The first reason could be insufficient tension on the supply roll. Honestly, this is the most common reason for laminator bubbles. For every ten cases of laminator, over five of them are usually linked to insufficient tension.
When there is insufficient air tension, it will cause bubbles when air is trapped between the image and the film. This is usually because the film wasn’t taut or had no resistance as it entered the nib of the laminator.
To fix this problem, you must adjust the tension of the feed spool to the proper specification of the film you are using. Basically, the thinner the film, the lesser the tension and vice versa. If you are usually little roll tension for a thicker film, you are most likely to experience bubbles and then wrinkles.
The second cause of laminator bubbles is feeding the laminator too quickly. Usually, you are meant to put the paper into the nib one at a time, but pushing it faster than the speed of the laminator will cause bubbles and wrinkles. The solution to this is quite apparent.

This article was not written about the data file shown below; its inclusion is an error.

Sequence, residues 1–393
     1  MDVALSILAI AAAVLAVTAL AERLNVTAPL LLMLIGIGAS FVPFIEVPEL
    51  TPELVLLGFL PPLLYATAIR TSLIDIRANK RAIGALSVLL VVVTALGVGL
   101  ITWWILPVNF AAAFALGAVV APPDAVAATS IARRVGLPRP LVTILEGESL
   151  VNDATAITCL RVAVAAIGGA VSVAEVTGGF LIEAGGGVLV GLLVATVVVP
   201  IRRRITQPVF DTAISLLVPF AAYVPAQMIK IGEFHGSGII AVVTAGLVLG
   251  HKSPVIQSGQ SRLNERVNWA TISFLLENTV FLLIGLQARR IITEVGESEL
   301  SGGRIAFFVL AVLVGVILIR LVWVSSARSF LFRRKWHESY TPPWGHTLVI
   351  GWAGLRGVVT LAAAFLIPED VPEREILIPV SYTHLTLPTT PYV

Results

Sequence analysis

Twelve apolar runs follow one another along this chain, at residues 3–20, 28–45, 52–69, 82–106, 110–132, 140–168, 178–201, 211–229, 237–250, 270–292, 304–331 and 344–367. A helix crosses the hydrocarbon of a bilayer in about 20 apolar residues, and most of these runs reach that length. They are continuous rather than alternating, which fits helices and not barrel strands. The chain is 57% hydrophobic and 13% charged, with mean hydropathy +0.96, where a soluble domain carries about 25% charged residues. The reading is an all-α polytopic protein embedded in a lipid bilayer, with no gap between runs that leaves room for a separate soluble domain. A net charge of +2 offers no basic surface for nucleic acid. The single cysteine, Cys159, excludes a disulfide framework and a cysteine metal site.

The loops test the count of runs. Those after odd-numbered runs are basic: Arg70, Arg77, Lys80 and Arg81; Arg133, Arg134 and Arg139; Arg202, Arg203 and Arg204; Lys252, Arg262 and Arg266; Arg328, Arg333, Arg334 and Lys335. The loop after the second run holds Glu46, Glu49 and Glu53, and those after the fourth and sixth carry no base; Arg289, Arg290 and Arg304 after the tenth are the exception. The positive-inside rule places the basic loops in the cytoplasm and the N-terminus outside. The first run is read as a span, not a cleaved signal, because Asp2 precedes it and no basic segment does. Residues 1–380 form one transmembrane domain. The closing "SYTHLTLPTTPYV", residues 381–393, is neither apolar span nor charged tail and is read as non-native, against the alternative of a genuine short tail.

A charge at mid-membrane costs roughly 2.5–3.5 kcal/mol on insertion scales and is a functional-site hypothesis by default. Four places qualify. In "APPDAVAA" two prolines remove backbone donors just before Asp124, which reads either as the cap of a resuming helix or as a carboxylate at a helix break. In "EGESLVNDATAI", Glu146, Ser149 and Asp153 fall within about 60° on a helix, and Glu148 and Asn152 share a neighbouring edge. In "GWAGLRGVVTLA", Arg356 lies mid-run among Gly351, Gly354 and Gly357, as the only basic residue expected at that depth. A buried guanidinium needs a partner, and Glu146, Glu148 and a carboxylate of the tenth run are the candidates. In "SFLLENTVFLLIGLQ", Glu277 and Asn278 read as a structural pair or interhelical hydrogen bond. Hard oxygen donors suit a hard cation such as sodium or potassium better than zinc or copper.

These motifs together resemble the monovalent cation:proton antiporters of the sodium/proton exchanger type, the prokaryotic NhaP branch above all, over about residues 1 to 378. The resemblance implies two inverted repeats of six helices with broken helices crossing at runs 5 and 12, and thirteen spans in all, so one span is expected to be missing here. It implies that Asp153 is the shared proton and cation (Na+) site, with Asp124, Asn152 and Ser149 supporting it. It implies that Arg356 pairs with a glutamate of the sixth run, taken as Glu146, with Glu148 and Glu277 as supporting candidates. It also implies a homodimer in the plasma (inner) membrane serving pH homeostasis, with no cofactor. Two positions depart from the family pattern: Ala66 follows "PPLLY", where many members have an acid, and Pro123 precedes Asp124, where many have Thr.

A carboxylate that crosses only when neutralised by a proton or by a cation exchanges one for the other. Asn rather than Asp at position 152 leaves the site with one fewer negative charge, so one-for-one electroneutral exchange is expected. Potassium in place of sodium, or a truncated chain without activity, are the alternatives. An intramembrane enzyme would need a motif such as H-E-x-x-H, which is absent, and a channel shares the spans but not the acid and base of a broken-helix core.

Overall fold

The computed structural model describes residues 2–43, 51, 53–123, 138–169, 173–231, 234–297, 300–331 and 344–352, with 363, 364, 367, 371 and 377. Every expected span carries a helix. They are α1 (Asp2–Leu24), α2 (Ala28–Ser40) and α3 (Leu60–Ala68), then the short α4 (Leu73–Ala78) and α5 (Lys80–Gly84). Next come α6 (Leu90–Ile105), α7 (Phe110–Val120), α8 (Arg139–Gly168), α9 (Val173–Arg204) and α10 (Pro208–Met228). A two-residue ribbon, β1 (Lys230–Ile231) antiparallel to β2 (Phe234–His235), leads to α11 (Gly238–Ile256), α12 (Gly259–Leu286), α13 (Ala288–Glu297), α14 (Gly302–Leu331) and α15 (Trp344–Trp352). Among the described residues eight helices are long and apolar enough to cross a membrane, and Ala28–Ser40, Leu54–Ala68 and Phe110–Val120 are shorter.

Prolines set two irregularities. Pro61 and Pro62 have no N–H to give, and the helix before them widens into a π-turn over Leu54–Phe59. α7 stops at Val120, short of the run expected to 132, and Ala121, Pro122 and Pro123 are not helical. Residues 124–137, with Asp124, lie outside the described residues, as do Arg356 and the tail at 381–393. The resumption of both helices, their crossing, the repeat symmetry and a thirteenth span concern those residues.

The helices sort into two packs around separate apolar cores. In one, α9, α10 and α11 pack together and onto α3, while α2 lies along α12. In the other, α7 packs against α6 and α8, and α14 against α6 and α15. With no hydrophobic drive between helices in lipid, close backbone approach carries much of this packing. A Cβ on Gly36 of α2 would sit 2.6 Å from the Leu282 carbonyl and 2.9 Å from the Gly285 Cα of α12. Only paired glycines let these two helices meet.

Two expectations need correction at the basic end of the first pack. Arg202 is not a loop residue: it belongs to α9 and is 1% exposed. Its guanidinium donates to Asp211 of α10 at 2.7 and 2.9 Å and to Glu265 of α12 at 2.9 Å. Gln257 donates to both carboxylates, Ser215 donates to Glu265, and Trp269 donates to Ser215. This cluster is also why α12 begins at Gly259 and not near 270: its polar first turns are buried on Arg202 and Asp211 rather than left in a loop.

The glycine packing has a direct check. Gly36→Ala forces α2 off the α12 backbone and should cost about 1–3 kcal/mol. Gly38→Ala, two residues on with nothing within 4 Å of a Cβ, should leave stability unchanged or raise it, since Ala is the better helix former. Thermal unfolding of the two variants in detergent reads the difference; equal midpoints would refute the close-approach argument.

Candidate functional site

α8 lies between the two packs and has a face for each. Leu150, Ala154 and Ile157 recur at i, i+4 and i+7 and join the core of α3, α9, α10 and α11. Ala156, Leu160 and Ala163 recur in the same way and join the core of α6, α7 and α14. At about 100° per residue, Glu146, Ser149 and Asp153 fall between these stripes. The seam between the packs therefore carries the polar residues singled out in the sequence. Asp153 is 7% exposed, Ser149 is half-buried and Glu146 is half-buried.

Another cause is the heat issue in the form of hot spots. Hot spots are typical when laminating inkjet prints. It is no news that Inkjet printers dump a lot of ink onto the prints. Laminating an inkjet print that has not dried correctly will cause hot spots. I will explain in the next paragraph.
The problem is worsened when you allow your laminators to sit idle for long periods without the rolls turning or moving. When you turn on such laminators, there will be varying degrees of temperature on different parts of the heat rollers. These areas are known as hot spots.
For example, if you are running a laminator at 80°C, the point where rolls sit together might be at a temperature of 90°C; the latter becomes the hot spot. When a moist inkjet print comes in contact with this hotspot, it will cause the ink to boil and create bubbles.
The solution to this is also very obvious. You should not allow your laminators to stay idle for too long before turning them on, and also avoid putting moist inkjet prints in your laminator.